Italian proverb: “A meal without wine, is like a day without sunlight.”
Wine in Italy has a long history. Wine is a popular choice for social gatherings and family gatherings. It is also a common topic in almost all wine-based proverbs in Italian, and other dialects. This robust wine culture poses a problem for tourists to Italy. It is difficult to find the best Italian wines.
Here’s where we come in. It is important to enjoy the best Italian wines, or any other good wines, not only to drink them but also to understand the people and places that created them. You will have a better experience whether you’re booking a trip to the peninsula or browsing the selection at your enoteca (the Italian word for “wine shop”), the more you understand Italian wines. We have created a series guides to help you enjoy the best wines from the different regions of Italy. Here you’ll find tips and tricks about what to drink in each region, as well as information on how to get these delicious tipples and the rich culture that surrounds them.
Let’s start with a breakdown by numbers of Italian wine:
- 48.9 Million: Hectoliters, harvested 2015. This is the highest country in the world.
- 20: regions. Each region has its own character and unique flavors.
- 361 native grape varietals cataloged by Italy’s Ministry of Agriculture and Forestry. This is not counting all of their clones and their close relatives (Attilio Scenza, a well-respected professor of Enology in Milan claims that there are more than 800).
- 329DOC is an abbreviation for Origine Controllata or “Controlled Designation of Origin”), which refers to the regions of Italy. This classification system, which was inspired by the French AOC, was implemented in 1963 in order to guarantee quality control when making traditional Italian wines.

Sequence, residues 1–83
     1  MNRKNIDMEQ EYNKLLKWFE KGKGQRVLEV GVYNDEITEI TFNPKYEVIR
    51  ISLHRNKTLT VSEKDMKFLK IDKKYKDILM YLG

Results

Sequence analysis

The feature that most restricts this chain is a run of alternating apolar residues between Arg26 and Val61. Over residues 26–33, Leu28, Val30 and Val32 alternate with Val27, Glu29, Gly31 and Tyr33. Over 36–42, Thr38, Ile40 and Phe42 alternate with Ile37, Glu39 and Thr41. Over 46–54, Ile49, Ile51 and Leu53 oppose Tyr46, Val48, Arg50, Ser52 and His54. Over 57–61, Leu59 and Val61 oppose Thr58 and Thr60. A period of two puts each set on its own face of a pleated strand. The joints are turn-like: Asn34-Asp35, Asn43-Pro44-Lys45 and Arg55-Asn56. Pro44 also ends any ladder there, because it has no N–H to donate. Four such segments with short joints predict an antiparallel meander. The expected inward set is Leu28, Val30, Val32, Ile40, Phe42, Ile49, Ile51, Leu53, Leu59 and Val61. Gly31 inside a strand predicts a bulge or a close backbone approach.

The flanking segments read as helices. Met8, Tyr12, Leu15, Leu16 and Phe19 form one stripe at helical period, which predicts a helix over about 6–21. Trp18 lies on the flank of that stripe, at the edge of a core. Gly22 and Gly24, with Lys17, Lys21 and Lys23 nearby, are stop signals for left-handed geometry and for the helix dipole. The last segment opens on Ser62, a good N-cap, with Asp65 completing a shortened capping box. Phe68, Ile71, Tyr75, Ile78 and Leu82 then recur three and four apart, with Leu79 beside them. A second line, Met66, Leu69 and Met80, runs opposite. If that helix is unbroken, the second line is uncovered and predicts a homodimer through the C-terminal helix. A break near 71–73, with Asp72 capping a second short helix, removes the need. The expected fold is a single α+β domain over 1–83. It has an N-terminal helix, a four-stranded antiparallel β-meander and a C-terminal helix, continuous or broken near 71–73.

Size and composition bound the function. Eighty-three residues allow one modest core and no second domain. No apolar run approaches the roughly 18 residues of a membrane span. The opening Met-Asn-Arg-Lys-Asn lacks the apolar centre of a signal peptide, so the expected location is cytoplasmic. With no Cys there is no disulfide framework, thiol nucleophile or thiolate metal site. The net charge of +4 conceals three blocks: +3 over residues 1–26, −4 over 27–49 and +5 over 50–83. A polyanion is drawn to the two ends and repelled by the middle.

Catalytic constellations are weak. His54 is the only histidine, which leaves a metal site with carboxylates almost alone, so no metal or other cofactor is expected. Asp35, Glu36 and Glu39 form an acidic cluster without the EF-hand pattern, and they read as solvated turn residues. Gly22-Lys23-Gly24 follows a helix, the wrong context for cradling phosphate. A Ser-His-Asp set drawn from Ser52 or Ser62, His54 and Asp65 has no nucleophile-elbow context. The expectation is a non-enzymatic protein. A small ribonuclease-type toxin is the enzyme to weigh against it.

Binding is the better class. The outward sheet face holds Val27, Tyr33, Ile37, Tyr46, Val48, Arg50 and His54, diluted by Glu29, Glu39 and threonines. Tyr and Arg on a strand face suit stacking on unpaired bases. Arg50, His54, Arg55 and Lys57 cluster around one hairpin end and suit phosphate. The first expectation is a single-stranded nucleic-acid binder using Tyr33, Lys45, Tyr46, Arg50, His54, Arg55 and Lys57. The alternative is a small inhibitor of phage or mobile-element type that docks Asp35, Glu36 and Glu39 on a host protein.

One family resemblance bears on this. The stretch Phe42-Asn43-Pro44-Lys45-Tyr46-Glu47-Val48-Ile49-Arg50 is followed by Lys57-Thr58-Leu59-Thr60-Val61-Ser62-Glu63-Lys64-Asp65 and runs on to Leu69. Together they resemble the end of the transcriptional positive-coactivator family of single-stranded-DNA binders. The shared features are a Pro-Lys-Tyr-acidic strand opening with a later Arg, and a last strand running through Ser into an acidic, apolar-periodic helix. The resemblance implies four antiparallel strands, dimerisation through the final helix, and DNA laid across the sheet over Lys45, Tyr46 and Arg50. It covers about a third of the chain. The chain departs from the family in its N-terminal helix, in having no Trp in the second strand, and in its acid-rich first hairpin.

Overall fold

- 74 is DOCG or Denominazione Origine Controllata e Garantita and the highest Italian wine classifications, regions of Italy. The most regions are Piedmont, Veneto, and Tuscany.
Are you feeling overwhelmed? Our secret is that it’s easy to get lost in the vast array of Italian wines. You can break it down into regions, then visit a specific region to taste its wines. In addition to a bit of wine tasting, “experiencing” wine also means getting in touch with the culture, history, and people behind every drop. You can visit the wineries and taste the local cuisine, or even participate in a harvest. Brunello di Montalcino is delicious no matter where it’s served, but sipping a glass of Brunello di Montalcino in Montalcino on sunny spring afternoons surrounded by medieval architecture, the Tuscan countryside and beautiful scenery is something you won’t forget. For such unforgettable experiences, wineries are the best, but restaurants, hotels and wine bars can also offer some of Italy’s finest wines. You only need to reserve half a day, a bicchiere empty and you will be able to experience the true culture of wine italiano.
The best places to begin in Italy are those that surround the most popular cities. You can enjoy the best wines from their wider regions as well as seeing the history and art of cities such Rome, Venice and Florence.
Rome is a must-see for all visitors to Italy, whether they are first-timers or seasoned travelers. It may be surprising that wines from Lazio, the region around Rome, are not among the top wines in Italy, despite their reputation for outstanding food, architecture, and art. In reality, the Eternal City’s production has been poor at best. Lazio wines have gained a loyal following over the past twenty years, largely due to improvements in winemaking techniques.